What do we tell patients with coronary artery disease about marijuana use?

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As of 2017, seven states and the District of Columbia have legalized the recreational use of marijuana, with almost certainly more to follow. Cardiovascular physicians will need to address whether this use might be harmful to patients with cardiovascular disease, particularly coronary heart disease (CHD). Marijuana use is an increasing phenomenon with 9.5% of the US adults admitting to the use of marijuana in 2012–2013 versus 4.1% in 2001–2002 1. Furthermore, in 2014, 2.5 million people in the USA aged older than or equal to 12 years used marijuana for the first time during the preceding 12 months, resulting in an average of ~7000 new users each day 2. The manifestations of increased marijuana use have specific implications in cardiac care.
A relative paucity of research exists that establishes links between marijuana use and total mortality for those affected by CHD. One study showed that over a median follow-up of 3.8 years, there was a three-fold increased risk of mortality following acute myocardial infarction (MI) in patients with CHD after marijuana use, after adjusting for smoking status and socioeconomic status, with a graded increase in risk (i.e. a dose–response) with more frequent use 3. This study analyzed self-reported use of marijuana in the preceding year. Furthermore, smoking marijuana has been implicated as a trigger for inducing MI with the risk of MI onset being elevated almost five-fold in the hour after smoking 4. However, long-term results for marijuana use are somewhat mixed as one study in patients with CHD with a follow-up of 18 years found no statistically significant association between marijuana use and total mortality, although mortality rate was 29% higher (P=0.28) among those reporting any marijuana use 5. Though the long-term effects of marijuana use are less clear, all three of these studies paint a negative picture for marijuana use in coronary artery disease patients by indicating an elevated risk of increase in MI and/or mortality. With rates of marijuana use in the USA clearly increasing, this area is ripe for further research.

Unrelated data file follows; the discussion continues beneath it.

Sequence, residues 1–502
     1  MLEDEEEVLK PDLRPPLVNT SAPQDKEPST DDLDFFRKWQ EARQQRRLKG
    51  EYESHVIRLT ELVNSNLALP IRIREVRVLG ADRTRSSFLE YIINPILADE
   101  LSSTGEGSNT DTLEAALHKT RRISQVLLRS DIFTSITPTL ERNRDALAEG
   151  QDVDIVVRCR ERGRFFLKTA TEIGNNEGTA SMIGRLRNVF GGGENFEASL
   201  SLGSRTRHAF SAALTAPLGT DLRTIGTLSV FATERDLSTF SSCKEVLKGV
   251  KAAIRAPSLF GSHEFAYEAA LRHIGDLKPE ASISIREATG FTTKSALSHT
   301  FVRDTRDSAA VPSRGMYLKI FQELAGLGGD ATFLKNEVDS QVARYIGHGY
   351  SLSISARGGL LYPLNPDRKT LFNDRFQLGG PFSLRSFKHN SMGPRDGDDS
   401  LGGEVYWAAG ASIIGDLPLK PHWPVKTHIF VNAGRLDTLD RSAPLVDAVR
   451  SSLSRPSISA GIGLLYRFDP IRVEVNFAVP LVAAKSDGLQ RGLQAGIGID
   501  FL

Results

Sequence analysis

From a physiologic point of view, tetrahydrocannabinol (THC) is the major active component of marijuana that acts on cannabinoid receptors CB1 and CB2 6. The proatherogenic CB1 found in the heart, liver, brain, and smooth muscles increases blood pressure, induces tachycardia and coronary ischemia, increases myocardial oxygen demand because of a rise in norepinephrine, lowers angina threshold, and can decrease vascular resistance leading to orthostatic hypotension 3,7,8. A marijuana dose-related increase in blood pressure, greater for systolic than diastolic, has been found to occur, along with an increase in heart rate 9. Furthermore, marijuana use may increase the risk for hypertension-related mortality 10. The antiatherogenic CB2 is mostly present in immune cells and may have anti-inflammatory and plaque-reducing properties 11. The relative effects of CB1 and CB2 receptors on the triggering of MI and on the progression of CHD needs to be more clearly studied as they undoubtedly have significant and potentially interactive cardiovascular effects.
It should be noted that the method of delivering marijuana to the body has an impact upon its physiologic effects. Pulmonary assimilation of inhaled THC causes a maximum plasma concentration within minutes whereas oral ingestion takes 2–3 h for it to peak 12. The primary constituent of marijuana is rapidly transferred from lungs to blood during smoking 13. In addition, smoking marijuana clearly increases expired carbon monoxide (CO) levels, whereas an oral or vaporized route of administration has no such effect and this difference would almost certainly affect the angina threshold 14.

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